Knight Center
Knight Center


Transparency confronts new obstacles to information access in Mexico

Something is wrong with access to information if the body responsible for overseeing the law that protects information access in a country asks the government to clearly state that it doesn't intend to impede transparency. This is what has happened in Mexico, where the Federal Institute of Information Access (IFAI) called on the Secretary of Government to ratify that lack of transparency and accountability will not be reinstated, reported El Universal and La Jornada. Read more »

Brazilian journalists exchange views of online news at seminar in São Paulo

More than 100 Brazilian journalists, academics, students, and programmers participated in the First International Seminar on Online Journalism on May 29, 2010, in São Paulo. The gathering was organized by the Knight Center for Journalism in the Americas, Cásper Libero College, and the Brazilian chapter of the Online News Association (ONA-Brazil). Read more »

Video marks three years since Venezuelan TV's shutdown

On the recent third anniversary of the forced closure of Radio Caracas Television (RCTV), whose editorial line opposed President Hugo Chávez, the Human Rights Foundation (HRF) released a video of Marcel Granier, RCTV’s general manager, discussing attacks by the government against private media. Read more »

Brazilian newspaper owner denies extortion charges and is freed pending trial

Maurício Machado, journalist and owner of Jornal Atualidades in Marília, São Paulo, was granted pretrial release after spending six days in prison under charges of extorting a federal deputy, O Estado de S. Paulo reports. Read more »

Paraguay plans to launch nation's first public TV in 2011

In an interview with Argentine daily Página 12, Paraguay's communications minister Augusto dos Santos says the country wants to launch its first state-run TV network in May of 2011. Read more »

Bolivian military agrees to open dictatorship-era files

Defense Minister Rubén Saavedra says the military is ready to comply with a Supreme Court order to declassify documents from the military dictatorship led by General Luis García Meza (1980-1981), AFP reports. Read more »

Cuba’s official daily publishes critical views on the economy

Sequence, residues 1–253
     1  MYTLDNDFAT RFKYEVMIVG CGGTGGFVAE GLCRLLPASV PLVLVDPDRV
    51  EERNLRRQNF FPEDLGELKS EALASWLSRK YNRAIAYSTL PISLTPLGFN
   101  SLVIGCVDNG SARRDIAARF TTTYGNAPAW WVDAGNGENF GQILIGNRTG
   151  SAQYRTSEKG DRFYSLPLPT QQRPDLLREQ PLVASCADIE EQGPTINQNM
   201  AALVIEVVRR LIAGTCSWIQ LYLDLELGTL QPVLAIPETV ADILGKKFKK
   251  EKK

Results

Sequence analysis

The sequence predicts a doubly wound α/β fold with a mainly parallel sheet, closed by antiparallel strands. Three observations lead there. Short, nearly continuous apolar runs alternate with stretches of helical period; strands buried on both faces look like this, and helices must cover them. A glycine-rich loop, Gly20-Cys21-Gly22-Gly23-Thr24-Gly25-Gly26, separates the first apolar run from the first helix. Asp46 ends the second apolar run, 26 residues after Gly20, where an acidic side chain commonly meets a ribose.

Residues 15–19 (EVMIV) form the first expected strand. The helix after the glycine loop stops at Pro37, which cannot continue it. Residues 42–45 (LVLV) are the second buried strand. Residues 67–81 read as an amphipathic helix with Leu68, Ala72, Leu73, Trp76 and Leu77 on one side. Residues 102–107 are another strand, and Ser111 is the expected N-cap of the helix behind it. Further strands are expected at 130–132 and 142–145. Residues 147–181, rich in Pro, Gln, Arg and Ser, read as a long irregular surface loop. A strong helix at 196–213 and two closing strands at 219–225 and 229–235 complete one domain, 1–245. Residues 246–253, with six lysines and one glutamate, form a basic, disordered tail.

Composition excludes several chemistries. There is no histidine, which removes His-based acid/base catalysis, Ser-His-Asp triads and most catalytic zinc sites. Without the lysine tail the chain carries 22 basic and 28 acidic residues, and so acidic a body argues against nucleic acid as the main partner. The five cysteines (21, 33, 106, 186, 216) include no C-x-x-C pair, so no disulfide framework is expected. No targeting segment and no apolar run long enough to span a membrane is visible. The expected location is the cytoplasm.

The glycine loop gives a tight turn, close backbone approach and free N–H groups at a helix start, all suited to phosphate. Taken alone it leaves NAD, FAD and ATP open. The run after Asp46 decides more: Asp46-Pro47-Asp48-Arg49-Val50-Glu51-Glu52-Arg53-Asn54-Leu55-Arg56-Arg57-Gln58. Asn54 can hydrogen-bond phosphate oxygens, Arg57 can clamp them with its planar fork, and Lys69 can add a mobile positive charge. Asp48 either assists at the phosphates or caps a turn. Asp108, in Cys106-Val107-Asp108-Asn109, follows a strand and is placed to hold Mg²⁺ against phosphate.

At a time when independent journalists continue to fear state police harassment for publishing criticisms of the government, and others remain in prison for their work, the Communist Party’s official newspaper, Granma, appears to be increasingly willing to air critical ideas. Read more »

Venezuelans release book about investigative journalism, announce national contest

The Venezuelan chapter of the Press and Society Institute (IPYS) has released its most recent publication, Methods of Impertinence, a collection of best practices and lessons for investigative journalism in Latin America. The book combines testimonies from 10 prominent journalists from the region that were presented between 2005 and 2009 at events in Mexico, and the Venezuelan cities of Caracas, Maracaibo, and Puerto La Cruz. Read more »

Covering Colombia’s elections with new media but old concerns over press freedom

Colombians appear to have been more comfortable with continuity than with change by giving President Álvaro Uribe’s former defense minister, Juan Manuel Santos, a win with approximately 47 percent of the vote, and putting him into a second-round runoff June 20 with Antanas Mockus, the BBC reports. Read more »

Bad redesigns: news sites regress while trying to simplify

“What’s going on with these redesigns?” asks Ryan Chittum of Columbia Journalism Review. Several news sites are using more graphics and “jumbo headlines,” and they require readers to scroll down deeper into the page for more news, he laments. Chittum misses getting more news up high, in only a few blinks. Thinking of print newspapers and their placement of news as either above or below the fold of Page 1, he describes a few recent redesigns this way: Read more »

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